Unification of the Tomb Raider

Lara Croft Shadow of the Tomb Raider - Agents of Fandom
Shadow of the Tomb Raider (2018)

But now, as things have been relatively quiet on the tomb-raiding front since the release of 2018’s Shadow of the Tomb Raider, the question is, what’s next for Lara?

In January 2021, the official Tomb Raider YouTube channel released a video during the series’ 25th-anniversary celebrations, that gave fans a glimpse into the future of the beloved franchise. Game director Will Kerslake, a Crystal Dynamics veteran of over a decade, dropped a nugget that rippled through the Tomb Raider fan base and led to widespread speculation regarding what it actually means.

“Our origin trilogy back in 2013 told the story of Lara Croft’s early days where she was forged into a survivor, became a hero, and ultimately, the Tomb Raider.” He continued, “While the classic games featured a seasoned and confident adventurer, travelling the world, unlocking its secrets, often standing alone against cataclysmic forces.”

Then came the mic drop.

“We envision the future of Tomb Raider unfolding after these established adventures, telling stories that build upon the breadth of both Core Design and Crystal Dynamics’ games and working to unify these timelines.”

He ended the tease by noting that, with Tomb Raider’s complex and extensive history, unifying the disparate timelines into one would be no easy task and asked for patience from fans.

Fan Reaction

Lara Croft Tomb Raider - Agents of Fandom via @tombraider on Twitter
Via Twitter (@tombraider)

Kerslake’s words were met with excitement from many fans and trepidation and even frustration from others. Many fans wondered, with three separate backstories and multiple motivations and personalities, how the distinct differences in each timeline could be reconciled. Others asked what a unified Lara Croft would look like.

Would she keep the messy mullet/ponytail from the Survivor trilogy? Or perhaps her iconic braid from the early games would make a return. Would she wield dual pistols again? Or would the Survivor era’s bow and arrow be her weapon of choice?

Which characters and events from previous games would be woven into the tapestry of the unified timeline? Would this timeline really have Lara inadvertently cause the apocalypse twice—as she did in both Core’s Tomb Raider: The Last Revelation and Crystal’s Shadow of the Tomb Raider? Would backstories and motivations involving her parents finally be put to rest? Which personality traits from the previous eras would make it into this new unified timeline?

Future of the Tomb Raider

Nearly two years later, the team at Crystal Dynamics has been fairly mum regarding Lara Croft’s future. During a community livestream of The Last Revelation, franchise executive producer Dallas Dickinson stated,

“There are aspects…of who Lara was in the original games that fans have rightly sort of said that you’ve lost some of that…some of what made me excited about Lara Croft. Lara Croft was a damn superhero…and people want to see that again. However, there are a bunch of great things in the Survivor series that honestly grounded her more, made her more accessible, made her more of a real person.”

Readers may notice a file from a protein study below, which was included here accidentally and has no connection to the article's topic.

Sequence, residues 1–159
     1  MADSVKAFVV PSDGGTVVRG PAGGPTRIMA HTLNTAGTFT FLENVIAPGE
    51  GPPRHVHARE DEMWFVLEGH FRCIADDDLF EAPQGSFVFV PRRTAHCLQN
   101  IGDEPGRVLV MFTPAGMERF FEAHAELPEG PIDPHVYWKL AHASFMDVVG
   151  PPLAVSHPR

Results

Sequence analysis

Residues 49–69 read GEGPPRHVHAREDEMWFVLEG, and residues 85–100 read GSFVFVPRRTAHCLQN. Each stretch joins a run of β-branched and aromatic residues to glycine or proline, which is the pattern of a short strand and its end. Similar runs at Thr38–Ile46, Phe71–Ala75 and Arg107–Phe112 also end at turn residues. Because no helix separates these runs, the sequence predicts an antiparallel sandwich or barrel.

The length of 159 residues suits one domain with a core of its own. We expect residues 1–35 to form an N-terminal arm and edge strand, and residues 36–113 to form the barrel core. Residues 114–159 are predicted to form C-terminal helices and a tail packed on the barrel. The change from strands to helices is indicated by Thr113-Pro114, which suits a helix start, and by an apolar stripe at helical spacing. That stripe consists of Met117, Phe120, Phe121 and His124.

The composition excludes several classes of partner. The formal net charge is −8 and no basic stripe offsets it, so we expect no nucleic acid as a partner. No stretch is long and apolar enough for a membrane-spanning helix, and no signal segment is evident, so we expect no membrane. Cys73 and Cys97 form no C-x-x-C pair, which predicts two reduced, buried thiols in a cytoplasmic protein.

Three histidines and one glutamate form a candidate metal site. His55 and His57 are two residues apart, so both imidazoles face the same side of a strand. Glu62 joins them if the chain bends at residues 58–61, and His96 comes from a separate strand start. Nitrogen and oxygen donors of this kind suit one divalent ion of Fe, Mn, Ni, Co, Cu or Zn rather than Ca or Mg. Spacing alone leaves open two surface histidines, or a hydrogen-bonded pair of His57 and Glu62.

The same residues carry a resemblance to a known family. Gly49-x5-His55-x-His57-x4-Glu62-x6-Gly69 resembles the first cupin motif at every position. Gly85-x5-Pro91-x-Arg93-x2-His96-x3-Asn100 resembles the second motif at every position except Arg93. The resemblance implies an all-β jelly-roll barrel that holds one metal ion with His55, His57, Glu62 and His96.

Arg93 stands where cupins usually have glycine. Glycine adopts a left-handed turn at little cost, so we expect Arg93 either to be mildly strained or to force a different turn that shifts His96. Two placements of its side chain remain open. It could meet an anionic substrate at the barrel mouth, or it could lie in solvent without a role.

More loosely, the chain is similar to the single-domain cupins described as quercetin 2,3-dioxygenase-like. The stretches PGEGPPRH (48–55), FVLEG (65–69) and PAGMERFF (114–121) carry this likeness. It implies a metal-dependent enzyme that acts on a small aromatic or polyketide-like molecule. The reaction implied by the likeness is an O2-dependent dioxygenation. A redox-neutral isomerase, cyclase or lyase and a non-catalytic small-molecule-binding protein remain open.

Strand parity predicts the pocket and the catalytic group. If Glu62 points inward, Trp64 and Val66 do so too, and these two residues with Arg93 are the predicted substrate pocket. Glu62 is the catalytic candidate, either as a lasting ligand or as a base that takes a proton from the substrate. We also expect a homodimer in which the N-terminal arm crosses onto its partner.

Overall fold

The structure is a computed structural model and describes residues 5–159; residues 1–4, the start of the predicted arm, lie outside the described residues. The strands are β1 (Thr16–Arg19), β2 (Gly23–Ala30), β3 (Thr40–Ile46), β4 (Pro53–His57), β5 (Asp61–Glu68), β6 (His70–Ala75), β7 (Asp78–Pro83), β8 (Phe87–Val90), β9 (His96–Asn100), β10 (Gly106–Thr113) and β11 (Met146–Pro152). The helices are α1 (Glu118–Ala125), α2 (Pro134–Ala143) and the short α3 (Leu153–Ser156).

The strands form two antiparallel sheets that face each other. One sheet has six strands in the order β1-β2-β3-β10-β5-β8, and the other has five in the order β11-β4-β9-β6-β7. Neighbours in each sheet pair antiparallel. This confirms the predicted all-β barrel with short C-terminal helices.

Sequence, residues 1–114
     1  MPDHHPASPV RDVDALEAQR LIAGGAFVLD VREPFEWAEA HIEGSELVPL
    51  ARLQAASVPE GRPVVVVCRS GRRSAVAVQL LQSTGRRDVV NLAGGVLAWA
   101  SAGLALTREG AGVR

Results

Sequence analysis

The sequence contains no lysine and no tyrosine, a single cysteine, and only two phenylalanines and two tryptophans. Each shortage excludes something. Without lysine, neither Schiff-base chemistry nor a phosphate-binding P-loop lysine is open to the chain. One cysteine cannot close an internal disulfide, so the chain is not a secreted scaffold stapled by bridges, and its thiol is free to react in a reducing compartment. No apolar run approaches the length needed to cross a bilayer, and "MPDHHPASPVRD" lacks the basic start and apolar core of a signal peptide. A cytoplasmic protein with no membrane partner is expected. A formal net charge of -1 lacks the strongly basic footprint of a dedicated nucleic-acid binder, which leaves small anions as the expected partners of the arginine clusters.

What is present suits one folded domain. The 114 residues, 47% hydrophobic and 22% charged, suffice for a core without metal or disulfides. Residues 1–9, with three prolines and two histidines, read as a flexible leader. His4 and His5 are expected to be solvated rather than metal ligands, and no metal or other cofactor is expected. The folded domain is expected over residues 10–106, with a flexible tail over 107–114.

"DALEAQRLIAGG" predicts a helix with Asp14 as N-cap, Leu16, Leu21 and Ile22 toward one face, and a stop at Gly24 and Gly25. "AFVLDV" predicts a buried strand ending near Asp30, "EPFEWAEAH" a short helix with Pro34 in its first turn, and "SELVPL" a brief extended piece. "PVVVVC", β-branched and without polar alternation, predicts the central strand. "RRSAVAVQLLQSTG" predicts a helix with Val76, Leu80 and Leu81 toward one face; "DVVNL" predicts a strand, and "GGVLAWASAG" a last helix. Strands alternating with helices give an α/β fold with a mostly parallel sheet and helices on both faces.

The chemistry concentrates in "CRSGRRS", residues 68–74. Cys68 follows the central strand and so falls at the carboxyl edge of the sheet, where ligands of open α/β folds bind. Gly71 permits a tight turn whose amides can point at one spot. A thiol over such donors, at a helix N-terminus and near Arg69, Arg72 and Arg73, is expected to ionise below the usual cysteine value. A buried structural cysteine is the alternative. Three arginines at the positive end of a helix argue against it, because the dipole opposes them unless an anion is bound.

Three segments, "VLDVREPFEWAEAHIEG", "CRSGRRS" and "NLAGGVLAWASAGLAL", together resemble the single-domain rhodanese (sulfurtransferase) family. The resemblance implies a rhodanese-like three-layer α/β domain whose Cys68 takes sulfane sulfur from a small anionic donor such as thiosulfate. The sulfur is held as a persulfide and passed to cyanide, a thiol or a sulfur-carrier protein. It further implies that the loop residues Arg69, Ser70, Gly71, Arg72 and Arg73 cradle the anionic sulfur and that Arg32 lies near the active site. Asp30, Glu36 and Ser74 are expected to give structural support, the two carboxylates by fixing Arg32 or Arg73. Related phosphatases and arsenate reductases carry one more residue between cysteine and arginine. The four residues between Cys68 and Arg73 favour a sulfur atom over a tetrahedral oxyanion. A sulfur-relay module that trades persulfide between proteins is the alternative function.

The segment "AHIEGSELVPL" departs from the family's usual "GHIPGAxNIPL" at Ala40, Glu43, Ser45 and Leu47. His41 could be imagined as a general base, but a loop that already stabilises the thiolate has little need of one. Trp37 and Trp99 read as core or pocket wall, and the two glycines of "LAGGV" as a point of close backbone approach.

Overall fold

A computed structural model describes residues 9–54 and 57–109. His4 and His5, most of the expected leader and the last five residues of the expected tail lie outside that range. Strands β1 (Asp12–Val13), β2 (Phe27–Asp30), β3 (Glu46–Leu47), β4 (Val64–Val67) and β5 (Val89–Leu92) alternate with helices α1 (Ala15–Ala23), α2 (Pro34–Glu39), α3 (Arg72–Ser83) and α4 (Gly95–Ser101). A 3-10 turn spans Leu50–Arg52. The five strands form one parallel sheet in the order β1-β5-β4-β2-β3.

Dallas Dickinson, Tomb Raider Franchise Executive Producer

He continued, “[Something that’s] very easy to say out loud, but it’s actually hard to do, is making sure that we can stitch together those Lara’s and make it so that they’re both true.” He mused briefly, without going into detail, about picking bits of backstory across the franchise to include in Lara’s unified background. Furthermore, he also teased that any future looks at Lara Croft would be aligned with their vision for unification.

The release of a detailed Weta Workshop collectible statue, some reimagined artwork, and a statue outside the Tomb Raider: The Live Experience attraction in London fueled speculation that much of Lara’s aesthetic would return to her roots while incorporating the grittier, grimier feel of the Survivor trilogy. But as the team at Crystal Dynamics has mostly been quiet since then, fans can only speculate.

Embracing the Embracer Era

via (@creasitedesign)

May 2022 brought the announcement that Tomb Raider publisher Square Enix would be selling several of its development studios, including Crystal Dynamics and Eidos Montreal, to Embracer Group. The deal was finalized in August, though it remains unseen whether the transfer of ownership will have any impact on upcoming Tomb Raider titles.

One thing that will impact the Tomb Raider series was the announcement in April 2022 that the next game in the series would be built using Unreal Engine 5. In a video message posted to the Tomb Raider YouTube channel, Dickinson promised that use of the highly-touted engine would “[translate] into next-level storytelling and gameplay experiences… Our goal is to push the envelope of fidelity and to deliver the high-quality cinematic action-adventure experience that fans deserve from both Crystal Dynamics and the Tomb Raider franchise.”   

With a Netflix anime series that will tie into the events of the unified Tomb Raider timeline in the pipeline, and a reported bidding war for the recently lapsed Tomb Raider film rights happening in Hollywood, a Lara Croft renaissance seems to be on the horizon.

And when Lara makes her big return to PCs and gaming consoles in the coming years, there’s little doubt that, regardless of her look or personality traits, she’s sure to make a splash, like she always has.

Are you looking forward to the unified era of the Tomb Raider series? Which elements and personality traits do you want to see return in the next installment of the franchise? Sound off in the comments below, or have a discussion with us on socials!